Africa is the world’s second largest continent and the only continent that spans both the north and the southern hemisphere. Colonized and pillaged for more than 300 years, Africa is a rich and diverse place. Africa has over 50 independent countries and accounts for about 16% of the world’s population. That translates to over 1.2 billion people.
Now, while it is easy to homogenise and talk about ‘African people’, the truth is that within these 54 separate and unique countries, there are in fact over 3000 diverse tribes! Perhaps South Africa best reflects this diversity through its constitution with all 11 official languages recognised by law. I’ve picked out 6 of my favourite African tribes to showcase Africa’s fascinating tribal traditions and the vibrant cultures of Africa.
6 African Tribes with Traditional African Cultures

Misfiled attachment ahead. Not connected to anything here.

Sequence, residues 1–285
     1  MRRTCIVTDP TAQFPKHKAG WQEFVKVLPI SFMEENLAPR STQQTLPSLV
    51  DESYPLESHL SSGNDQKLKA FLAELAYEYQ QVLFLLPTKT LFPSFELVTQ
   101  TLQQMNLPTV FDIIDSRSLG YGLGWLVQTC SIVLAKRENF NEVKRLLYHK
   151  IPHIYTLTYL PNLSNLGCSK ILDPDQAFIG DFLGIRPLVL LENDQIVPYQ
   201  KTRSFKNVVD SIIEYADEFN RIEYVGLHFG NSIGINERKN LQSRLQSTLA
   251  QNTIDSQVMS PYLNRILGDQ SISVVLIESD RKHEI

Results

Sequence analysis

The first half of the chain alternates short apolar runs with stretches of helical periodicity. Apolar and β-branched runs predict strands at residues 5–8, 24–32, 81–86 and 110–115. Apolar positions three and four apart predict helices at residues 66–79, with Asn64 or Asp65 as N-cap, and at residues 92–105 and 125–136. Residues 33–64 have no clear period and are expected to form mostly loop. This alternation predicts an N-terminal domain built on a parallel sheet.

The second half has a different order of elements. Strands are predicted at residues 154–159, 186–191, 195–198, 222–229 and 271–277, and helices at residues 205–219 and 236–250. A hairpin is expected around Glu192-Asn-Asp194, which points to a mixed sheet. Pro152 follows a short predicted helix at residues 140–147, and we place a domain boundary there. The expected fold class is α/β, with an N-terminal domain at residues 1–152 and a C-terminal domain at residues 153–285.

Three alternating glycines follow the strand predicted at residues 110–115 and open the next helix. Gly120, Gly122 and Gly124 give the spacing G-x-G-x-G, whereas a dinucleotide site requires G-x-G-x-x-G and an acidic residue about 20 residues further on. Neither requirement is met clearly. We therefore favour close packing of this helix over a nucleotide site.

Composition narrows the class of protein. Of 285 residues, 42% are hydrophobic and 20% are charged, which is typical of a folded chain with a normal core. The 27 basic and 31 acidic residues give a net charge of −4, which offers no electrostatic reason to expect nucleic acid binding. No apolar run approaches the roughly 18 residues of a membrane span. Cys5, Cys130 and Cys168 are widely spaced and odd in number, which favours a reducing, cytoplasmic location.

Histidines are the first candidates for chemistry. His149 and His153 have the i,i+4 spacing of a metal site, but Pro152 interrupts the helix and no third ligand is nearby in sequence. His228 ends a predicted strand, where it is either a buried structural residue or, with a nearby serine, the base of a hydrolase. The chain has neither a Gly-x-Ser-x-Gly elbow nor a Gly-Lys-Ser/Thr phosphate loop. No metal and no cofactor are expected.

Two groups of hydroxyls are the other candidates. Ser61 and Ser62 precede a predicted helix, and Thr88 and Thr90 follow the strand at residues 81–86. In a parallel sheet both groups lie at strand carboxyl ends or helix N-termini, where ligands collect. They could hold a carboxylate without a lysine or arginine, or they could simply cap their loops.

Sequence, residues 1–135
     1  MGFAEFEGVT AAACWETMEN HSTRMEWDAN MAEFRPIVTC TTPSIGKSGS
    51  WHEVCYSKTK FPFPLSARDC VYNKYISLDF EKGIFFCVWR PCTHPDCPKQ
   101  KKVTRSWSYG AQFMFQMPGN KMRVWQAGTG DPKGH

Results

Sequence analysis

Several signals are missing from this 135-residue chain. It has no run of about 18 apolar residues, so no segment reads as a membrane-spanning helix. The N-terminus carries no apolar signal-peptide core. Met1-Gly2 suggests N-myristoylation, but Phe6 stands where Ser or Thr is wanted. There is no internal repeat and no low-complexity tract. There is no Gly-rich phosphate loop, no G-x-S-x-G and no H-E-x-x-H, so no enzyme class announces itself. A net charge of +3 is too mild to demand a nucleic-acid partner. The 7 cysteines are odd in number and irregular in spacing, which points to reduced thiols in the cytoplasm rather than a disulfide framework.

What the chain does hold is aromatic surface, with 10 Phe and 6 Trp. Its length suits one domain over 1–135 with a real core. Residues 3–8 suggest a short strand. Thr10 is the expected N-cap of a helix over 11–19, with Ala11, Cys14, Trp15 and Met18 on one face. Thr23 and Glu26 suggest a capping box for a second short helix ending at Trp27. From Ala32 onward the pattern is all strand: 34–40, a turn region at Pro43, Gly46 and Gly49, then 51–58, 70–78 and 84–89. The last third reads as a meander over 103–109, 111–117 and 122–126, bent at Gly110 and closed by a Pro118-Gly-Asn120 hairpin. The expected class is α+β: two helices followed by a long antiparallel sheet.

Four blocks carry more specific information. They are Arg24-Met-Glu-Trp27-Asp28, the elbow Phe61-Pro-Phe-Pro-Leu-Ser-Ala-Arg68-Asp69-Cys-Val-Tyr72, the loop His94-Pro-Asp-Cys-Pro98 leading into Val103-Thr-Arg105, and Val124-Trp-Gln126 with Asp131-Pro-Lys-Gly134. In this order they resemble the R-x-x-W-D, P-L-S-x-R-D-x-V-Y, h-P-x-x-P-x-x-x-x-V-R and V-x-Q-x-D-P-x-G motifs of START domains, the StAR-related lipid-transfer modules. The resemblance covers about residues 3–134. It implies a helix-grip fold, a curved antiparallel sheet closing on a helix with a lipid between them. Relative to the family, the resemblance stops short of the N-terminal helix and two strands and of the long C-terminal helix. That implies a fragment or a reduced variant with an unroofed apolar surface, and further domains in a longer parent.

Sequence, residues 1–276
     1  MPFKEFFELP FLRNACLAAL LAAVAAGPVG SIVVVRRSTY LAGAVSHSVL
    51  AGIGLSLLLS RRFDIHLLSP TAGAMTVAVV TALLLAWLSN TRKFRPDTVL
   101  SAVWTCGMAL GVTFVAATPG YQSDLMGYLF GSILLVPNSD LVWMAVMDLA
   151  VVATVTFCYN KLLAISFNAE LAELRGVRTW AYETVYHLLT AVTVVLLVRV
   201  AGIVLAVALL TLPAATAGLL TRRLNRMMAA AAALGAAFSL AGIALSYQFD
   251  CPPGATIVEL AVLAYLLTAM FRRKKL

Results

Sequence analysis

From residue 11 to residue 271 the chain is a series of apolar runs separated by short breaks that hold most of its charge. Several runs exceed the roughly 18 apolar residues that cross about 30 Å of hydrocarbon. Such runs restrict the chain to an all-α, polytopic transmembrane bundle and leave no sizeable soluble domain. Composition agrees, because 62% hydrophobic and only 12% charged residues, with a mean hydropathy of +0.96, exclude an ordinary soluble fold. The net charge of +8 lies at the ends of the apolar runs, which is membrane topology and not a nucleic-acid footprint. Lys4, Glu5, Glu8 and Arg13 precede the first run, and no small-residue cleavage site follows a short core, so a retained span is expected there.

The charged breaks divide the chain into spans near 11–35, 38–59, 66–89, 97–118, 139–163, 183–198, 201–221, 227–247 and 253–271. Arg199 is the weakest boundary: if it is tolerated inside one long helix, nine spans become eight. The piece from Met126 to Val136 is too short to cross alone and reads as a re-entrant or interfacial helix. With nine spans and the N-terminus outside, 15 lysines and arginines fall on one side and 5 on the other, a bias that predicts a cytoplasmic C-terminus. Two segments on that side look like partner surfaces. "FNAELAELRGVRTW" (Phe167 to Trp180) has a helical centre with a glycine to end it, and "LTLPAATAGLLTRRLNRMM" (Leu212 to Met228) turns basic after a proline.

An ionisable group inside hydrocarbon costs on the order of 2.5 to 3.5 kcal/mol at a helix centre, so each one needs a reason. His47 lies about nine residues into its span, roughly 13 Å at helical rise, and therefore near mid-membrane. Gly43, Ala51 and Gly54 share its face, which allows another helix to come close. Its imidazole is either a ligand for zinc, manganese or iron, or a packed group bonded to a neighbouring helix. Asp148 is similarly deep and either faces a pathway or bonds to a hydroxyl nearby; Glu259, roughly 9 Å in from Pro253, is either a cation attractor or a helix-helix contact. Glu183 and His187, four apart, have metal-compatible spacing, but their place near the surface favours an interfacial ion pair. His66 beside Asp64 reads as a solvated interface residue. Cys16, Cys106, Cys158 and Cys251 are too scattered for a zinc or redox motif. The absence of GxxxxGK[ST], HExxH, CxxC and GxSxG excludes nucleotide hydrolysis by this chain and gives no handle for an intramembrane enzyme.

Population: +/-840 000
Savannahs, lions, safari vehicles and a red-robed Maasai, standing elegant and slender against the infinite horizon… The red-clad Maasai of Kenya and Tanzania are synonymous with the Great Plains and savannahs of Africa. They are renowned warriors and pastoralists who for hundreds of years roamed the wild of East Africa.
Maasinta, the first Maasai, received a gift of cattle from Ngai – the sky god - who lowered them to earth on a leather thong. Since that time, cattle have been viewed as sacred and their value is rivalled only by the value of their children, indeed, a large herd and a large family are the mark of a truly successful Maasai.